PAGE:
UH Manoa Academy for Creative Media hosts video game scholarUniversity of Hawaiʻi at Mānoa
Academy for Creative Media
"Stories in Video Games: Toward a New Art Form" will be presented Wednesday, Feb. 28, from 3 to 4:30 p.m. in Kuykendall Hall, Room 410. Gee will explore how narrative works in games as a key to understanding the potential of games as a new art form.
"Video games can be a foundation for an innovative digital media and intellectual property economy for the state," said ACM Director Chris Lee. "ACM can help make that foundation real through producing game designers grounded in story-telling and critical thinking. Professor Gee is a true beacon for us."
Gee‘s most recent books deal with video games and learning. "What Video Games Have to Teach Us About Learning and Literacy" (2003) offers 36 reasons why good video games produce better learning conditions than many of today‘s schools. "Situated Language and Learning" (2004) places video games within an overall theory of learning and literacy and shows how they can help people to better understand deep human learning and lead people in thinking about the reform of schools. His new book, "Why Video Games Are Good for Your Soul," shows how good video games marry pleasure and learning and have the capacity to empower people.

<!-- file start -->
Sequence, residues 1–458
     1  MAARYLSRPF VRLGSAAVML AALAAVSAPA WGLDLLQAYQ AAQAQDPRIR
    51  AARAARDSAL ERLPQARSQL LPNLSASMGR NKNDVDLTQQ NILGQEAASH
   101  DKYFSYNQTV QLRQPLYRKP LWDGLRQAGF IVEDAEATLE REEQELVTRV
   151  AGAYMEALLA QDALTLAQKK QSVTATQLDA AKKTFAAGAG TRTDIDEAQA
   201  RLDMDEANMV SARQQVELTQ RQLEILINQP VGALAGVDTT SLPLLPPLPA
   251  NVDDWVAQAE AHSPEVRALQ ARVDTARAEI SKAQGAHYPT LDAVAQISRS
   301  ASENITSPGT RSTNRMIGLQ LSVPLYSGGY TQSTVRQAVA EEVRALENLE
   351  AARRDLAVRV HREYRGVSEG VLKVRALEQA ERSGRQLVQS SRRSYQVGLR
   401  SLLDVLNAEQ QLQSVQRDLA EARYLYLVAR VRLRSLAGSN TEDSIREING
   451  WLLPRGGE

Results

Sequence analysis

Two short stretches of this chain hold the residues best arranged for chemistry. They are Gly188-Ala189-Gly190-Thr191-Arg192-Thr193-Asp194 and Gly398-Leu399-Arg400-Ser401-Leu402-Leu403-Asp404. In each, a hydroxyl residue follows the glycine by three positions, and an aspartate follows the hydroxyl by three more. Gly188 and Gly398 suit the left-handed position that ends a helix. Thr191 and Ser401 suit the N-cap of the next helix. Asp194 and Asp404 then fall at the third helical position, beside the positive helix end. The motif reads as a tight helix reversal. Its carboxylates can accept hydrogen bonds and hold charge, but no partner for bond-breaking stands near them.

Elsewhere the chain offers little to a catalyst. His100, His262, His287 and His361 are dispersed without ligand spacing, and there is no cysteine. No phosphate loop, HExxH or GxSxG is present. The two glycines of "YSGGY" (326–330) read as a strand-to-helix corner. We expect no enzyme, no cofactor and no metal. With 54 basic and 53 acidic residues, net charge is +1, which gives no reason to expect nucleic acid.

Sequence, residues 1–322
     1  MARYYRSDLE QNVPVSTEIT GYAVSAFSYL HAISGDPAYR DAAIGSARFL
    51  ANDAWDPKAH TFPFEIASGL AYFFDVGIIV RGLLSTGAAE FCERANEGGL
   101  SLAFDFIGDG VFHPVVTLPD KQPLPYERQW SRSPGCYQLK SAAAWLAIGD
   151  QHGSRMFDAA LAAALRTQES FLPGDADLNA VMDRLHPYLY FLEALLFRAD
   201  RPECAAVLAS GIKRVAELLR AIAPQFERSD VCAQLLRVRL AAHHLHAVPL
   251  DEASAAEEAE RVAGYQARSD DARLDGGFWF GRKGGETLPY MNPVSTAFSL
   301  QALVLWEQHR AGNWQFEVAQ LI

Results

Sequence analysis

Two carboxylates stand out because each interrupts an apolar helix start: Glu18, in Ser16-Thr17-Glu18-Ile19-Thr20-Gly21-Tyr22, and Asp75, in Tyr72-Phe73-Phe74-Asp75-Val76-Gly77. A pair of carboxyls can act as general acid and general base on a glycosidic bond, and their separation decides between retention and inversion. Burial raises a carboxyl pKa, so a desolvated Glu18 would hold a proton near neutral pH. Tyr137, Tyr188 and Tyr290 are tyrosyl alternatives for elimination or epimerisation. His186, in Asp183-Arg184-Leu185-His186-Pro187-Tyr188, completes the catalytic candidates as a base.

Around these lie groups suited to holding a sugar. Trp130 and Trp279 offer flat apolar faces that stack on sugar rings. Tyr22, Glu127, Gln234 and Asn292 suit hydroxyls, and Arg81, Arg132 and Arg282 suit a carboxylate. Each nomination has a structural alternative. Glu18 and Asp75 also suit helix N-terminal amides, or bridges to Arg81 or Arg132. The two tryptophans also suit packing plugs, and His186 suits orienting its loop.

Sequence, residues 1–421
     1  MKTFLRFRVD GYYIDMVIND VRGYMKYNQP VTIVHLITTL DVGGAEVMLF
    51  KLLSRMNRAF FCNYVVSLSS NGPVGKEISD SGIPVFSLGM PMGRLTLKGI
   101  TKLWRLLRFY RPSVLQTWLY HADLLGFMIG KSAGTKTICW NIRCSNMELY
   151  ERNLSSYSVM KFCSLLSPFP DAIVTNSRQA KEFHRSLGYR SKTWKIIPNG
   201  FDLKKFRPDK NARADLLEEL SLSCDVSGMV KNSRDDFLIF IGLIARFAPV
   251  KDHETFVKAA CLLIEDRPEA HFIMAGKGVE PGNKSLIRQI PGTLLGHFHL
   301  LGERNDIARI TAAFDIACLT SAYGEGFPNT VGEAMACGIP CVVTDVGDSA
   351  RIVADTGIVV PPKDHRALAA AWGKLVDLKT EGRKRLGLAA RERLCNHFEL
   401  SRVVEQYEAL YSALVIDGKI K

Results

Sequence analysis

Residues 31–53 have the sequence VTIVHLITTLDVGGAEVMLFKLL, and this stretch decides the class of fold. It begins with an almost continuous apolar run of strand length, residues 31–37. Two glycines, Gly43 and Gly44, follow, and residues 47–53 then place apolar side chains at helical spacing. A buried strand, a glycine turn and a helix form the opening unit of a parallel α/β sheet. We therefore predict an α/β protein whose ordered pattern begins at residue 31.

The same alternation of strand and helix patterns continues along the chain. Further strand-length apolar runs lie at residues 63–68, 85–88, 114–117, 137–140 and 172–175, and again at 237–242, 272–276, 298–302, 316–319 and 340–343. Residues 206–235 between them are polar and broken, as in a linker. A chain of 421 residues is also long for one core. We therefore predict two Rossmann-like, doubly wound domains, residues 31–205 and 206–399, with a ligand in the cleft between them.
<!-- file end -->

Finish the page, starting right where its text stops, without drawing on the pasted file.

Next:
"We are honored to sponsor this event," said Mark Loughridge of Aloha Island, Inc., "and we are pleased to contribute to the already strong bonds the Academy for Creative Media has forged with the video gaming industry. Please continue to graduate those dedicated video game developers!"
Aloha Island, Inc. creates original games for education and entertainment. It is owned in part by Foundation 9 Entertainment, the largest independent video game developer in the world. Loughridge, a member of Aloha Island, Inc.‘s management, is a founder and former co-chairman of Foundation 9 Entertainment
Gee‘s UH Mānoa presentation is co-sponsored by the Departments of English, Art, Information and Computer Sciences, Political Science, Speech, Educational Foundations and the International Cultural Studies Program.
The Academy for Creative Media is the university‘s primary place for the production and study of digital media in film, animation, game design, indigenous and critical studies.
For more information, visit: http://www.hawaii.edu/acm